HBA: We already know that there is the state incentive for supplying new machine systems and equipment that may be needed for foreign investments in Poland from the EU countries; however, this was not a decisive factor for us. The minimum wage or the overall personnel cost is around 10% higher than it is in Turkey. The main issue that is applicable to whole Poland is the inability to find sufficient labor. Young people move to the West Europe for work. The deficit for labor is tried to be met by the temporary laborers from the neighbors (Ukrain and Belarus), which makes up to 25% in our factory. If this was not the case, it would be possible to double up your turnover in only 1-2 years; that is the business potential is quite high. Another, maybe the most prominent, gain we have got from this investment is, of course, that we earned the title “international corporation.” I hope we will be successful in this journey.
What distinguishes you from your competitors?
HBA: We think that our most significant feature in this context is that we are able to do business in various areas. Naturally, we have certain colleagues we compete with in different fields; we are glad that we do because competition is good and necessary. Competition is what keeps companies fresh. It, of necessity, makes them improve and increase their competitive power.
DYA: Our broad range of products enable us to act as a “one-stop-shop” for our clients. Therefore, although we have many strong competitors in every range, we do not really have any rivals, when our whole range is combined.
Could you tell us about your new investments and R&D projects?
HBA: Our planned investment is the recently-bought area in the Manisa Organized Industry Zone and the new factory we are soon to begin building. This will be 2,5 times bigger than our current factory. We also bought a rather large area in the Eskişehir Organized Industry Zone, but we have long-term plans about it. Apart from these, our investments in machinery and automation has been continuing non-stop for years; we produce our own machines. Our machine investments might be related to newly purchased businesses, the need to increase the capacity of the existing businesses, or modernizing our existing machines. According to us, every application that increases the efficiency or capacity of a continuing business is kind of R&D. In this sense, we can say that we have been carrying out R&D projects for years and that we have 2 distinct R&D teams (of 30 employees including 5 engineers) – one works on the design and production of the machine and automation systems and the other works on lean production and line balancing. By the way, we should add that we also have an IT department with 12 employees as a third R&D team. This department works on software and applications to develop various business processes in line with the sub-programs of our ERP system or demands of the businesses.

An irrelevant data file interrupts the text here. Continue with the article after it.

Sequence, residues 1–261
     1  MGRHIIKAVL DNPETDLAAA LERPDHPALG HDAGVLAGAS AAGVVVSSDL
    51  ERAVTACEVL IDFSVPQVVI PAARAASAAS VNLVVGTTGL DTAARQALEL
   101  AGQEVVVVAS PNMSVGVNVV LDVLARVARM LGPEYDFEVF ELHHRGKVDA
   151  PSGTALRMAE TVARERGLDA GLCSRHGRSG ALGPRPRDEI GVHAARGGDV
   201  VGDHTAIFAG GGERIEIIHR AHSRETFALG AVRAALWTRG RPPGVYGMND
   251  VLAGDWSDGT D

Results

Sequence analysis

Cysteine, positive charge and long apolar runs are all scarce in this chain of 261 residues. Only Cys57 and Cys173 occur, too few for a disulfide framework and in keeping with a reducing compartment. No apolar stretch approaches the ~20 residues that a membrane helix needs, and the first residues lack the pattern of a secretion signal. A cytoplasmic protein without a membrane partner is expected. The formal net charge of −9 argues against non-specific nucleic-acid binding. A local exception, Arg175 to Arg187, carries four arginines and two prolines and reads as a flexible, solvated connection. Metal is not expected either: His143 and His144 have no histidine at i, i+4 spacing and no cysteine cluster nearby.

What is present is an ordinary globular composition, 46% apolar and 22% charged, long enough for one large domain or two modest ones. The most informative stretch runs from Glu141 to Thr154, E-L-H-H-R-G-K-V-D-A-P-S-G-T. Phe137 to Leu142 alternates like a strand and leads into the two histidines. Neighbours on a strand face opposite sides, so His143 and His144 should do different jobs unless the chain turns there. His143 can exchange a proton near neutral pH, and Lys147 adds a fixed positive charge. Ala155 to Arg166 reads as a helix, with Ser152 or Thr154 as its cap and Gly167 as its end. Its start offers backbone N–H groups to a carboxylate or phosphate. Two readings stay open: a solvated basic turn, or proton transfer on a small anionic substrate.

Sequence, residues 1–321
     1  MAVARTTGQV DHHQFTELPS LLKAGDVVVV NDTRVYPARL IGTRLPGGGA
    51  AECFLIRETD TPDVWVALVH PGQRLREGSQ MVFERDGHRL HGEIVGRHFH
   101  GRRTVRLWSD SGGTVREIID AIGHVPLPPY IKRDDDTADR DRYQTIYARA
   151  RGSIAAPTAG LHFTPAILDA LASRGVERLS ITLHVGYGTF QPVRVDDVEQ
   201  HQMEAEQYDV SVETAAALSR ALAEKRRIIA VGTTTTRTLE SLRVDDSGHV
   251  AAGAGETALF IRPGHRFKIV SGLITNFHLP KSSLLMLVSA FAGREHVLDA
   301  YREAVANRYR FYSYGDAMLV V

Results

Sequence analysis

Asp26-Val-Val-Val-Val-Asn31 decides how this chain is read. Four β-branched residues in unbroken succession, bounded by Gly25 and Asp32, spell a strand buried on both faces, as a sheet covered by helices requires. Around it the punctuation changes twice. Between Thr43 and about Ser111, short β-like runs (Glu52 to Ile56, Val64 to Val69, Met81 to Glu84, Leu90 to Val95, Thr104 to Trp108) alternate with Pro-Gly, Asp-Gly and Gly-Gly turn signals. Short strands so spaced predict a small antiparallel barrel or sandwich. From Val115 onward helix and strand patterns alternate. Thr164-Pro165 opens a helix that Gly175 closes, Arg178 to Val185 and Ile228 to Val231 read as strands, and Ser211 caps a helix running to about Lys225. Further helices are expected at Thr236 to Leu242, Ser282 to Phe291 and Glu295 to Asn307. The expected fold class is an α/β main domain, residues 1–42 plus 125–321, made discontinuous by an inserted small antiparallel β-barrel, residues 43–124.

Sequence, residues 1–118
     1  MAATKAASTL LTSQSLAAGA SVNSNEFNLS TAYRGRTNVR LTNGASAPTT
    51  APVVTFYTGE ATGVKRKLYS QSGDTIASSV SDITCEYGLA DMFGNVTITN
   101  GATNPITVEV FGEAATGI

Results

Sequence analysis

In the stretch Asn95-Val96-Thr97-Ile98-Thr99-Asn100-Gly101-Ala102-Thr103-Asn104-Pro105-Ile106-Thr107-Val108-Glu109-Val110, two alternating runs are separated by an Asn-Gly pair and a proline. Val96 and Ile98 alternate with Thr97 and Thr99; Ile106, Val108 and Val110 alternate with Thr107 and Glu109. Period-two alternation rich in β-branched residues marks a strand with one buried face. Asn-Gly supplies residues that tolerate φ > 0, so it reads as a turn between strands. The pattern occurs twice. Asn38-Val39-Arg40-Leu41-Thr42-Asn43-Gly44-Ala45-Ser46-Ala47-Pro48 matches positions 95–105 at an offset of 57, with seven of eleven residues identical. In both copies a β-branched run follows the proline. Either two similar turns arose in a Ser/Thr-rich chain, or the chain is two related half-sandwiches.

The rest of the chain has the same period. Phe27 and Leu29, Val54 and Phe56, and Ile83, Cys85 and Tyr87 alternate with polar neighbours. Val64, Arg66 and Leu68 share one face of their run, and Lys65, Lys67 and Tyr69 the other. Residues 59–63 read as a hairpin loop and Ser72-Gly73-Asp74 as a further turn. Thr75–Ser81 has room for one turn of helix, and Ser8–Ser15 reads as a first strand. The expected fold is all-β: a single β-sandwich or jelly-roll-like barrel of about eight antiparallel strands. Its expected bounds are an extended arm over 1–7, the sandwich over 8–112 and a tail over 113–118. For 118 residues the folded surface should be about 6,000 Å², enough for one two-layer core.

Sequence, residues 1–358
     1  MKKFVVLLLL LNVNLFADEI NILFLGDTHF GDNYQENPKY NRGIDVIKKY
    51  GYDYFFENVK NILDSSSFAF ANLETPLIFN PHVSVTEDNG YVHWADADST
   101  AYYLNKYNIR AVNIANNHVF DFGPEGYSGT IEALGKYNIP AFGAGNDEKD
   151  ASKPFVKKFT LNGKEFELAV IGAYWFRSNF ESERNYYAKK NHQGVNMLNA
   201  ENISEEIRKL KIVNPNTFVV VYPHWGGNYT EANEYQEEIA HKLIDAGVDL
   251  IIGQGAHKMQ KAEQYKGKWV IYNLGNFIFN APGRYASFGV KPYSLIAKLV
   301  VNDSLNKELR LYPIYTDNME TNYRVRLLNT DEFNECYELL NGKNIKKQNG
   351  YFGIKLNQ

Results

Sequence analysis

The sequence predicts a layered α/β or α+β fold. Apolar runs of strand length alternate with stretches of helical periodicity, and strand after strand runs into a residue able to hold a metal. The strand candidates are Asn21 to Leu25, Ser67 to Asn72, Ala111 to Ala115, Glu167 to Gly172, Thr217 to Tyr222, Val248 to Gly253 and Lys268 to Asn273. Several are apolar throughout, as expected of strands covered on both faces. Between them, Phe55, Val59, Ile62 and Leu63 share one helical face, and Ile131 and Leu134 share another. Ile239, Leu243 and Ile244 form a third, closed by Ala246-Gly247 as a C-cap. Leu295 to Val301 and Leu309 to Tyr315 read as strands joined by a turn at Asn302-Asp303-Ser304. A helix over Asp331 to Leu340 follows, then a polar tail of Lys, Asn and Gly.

What do you think about the development of the Industry 4.0 in Turkey? Do you have any preparatory works or take any measures accordingly?